GWEN IFILL: In other news today, it was widely reported the Obama administration may set up a courtroom prison complex inside the U.S. for terror suspects. The Washington Post and others said it could replace the detention center at Guantanamo Bay. Two sites were said to be under consideration, a prison in Michigan that's about to close and the military penitentiary at Fort Leavenworth, Kan.
The idea quickly ran into criticism from lawmakers, including Kansas Senator Sam Brownback.
SEN. SAM BROWNBACK, R-Kan.: I've been to Guantanamo Bay. I led a congressional delegation there. The detainees are treated appropriately and safely there. If investigations find they are not treated appropriately and safely there, then change how they're treated there, rather than move them to someplace in the United States as a publicity stunt.
GWEN IFILL: In another development, the Associated Press reported the cases of dozens of Guantanamo detainees could be tried in Washington, D.C., Virginia, and New York City. A White House spokesman insisted no final decisions have been made.
In Afghanistan, a Taliban bomb killed at least 11 people in the western part of the country. It happened in the city of Herat. The target was a district police chief, who was critically wounded. Thirty other people were hurt, as well.
And over the weekend, six American troops were killed in Afghanistan, along with two Canadians and a French soldier.
The long search for U.S. Navy Captain Michael "Scott" Speicher has come to an end. He was shot down at the outset of the first Gulf War, but questions lingered today about exactly when, and how, he died.
NewsHour correspondent Kwame Holman has our report.
KWAME HOLMAN: The U.S. Navy announcement finally answered a question that had been asked since 1991: Was Scott Speicher alive or dead?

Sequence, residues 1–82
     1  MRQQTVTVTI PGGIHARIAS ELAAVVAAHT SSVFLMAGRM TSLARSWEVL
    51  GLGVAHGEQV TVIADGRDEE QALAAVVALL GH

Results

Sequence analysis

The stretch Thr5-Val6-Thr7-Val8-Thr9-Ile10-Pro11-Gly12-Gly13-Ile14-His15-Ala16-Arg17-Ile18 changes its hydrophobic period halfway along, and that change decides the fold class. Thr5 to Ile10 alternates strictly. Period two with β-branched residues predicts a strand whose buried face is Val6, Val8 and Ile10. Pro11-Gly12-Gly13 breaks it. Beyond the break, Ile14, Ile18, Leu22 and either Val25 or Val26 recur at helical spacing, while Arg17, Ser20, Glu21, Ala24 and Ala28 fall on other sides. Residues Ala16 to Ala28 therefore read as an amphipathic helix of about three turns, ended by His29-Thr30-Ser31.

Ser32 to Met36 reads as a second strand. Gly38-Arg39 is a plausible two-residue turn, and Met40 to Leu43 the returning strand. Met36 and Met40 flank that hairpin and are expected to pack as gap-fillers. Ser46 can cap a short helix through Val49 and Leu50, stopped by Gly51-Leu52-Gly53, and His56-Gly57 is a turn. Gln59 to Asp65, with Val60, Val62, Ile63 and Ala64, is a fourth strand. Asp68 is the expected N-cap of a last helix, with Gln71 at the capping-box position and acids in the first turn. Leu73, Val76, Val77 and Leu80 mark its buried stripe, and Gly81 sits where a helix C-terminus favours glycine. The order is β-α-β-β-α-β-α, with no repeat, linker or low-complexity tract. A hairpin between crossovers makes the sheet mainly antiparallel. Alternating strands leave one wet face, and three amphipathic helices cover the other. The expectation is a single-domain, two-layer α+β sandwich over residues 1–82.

And today, family spokeswoman and attorney Cindy Laquidara said it ended at least part of the mystery. She spoke in a telephone interview with the NewsHour.
CINDY LAQUIDARA, Speicher family spokeswoman: It has been a mixed reaction, sorrowful at Scott's passing. I think there's a sense of peace. They're now working with the Navy to find out, what happened? Where actually was he?
SCOTT SPEICHER, U.S. Navy captain: I'm Scott Speicher of the VFA-81 out here on the Saratoga.
KWAME HOLMAN: Speicher's F-18 was shot down by a surface-to-air missile on the opening night of Operation Desert Storm on Jan. 17, 1991. But for years, the 33-year-old pilot's remains could not be found, and he was given a headstone memorial at Arlington National Cemetery.
In 2001, Navy officials changed his status from "killed in action" to "missing in action" and a year later to "missing captured," shortly before the second Iraq war.
Then, early last month, an Iraqi informant told U.S. Marines that Bedouin tribesmen had buried Speicher after his jet crashed in their area. His remains ultimately were recovered in Anbar province about 100 miles west of Baghdad.
But questions about exactly how Speicher died and why it took so long to discover his body remain. A U.S. military study last year noted the pilot's parachute never was found, and he never sent electronic distress signals.
CINDY LAQUIDARA: We need to know the condition of the remains. We need to read the interview with the man who purportedly said, oh, by the way, he's been here all the time. But all of that information we need to have.
KWAME HOLMAN: In the meantime, Speicher's remains have been flown to Dover Air Force Base in Delaware where final DNA tests will be done.
GWEN IFILL: In economic news, Wall Street started the month with another rally, after upbeat news about manufacturing. The Dow Jones industrial average gained nearly 115 points to close at 9,286. The Nasdaq rose 30 points to close at 2,008. The Standard and Poor's Index closed above 1,000 for the first time in nine months.
Ford has reported its first U.S. sales increase in nearly two years. They were up more than 1.5 percent in July from a year ago. G.M. and Chrysler sales were down again, but not by as much.
Some of the credit went to the "cash for clunkers" program. The U.S. House has authorized $2 billion to extend it, and the Obama administration urged the Senate today to follow suit.
Bank of America will pay a $33 million penalty to the Securities and Exchange Commission. The company was accused of misleading investors in its purchase of Merrill Lynch last year. Bank of America initially said Merrill would not pay year-end bonuses before the deal closed. But, the SEC said, Bank of America had already approved up to $5.8 billion in bonus payments.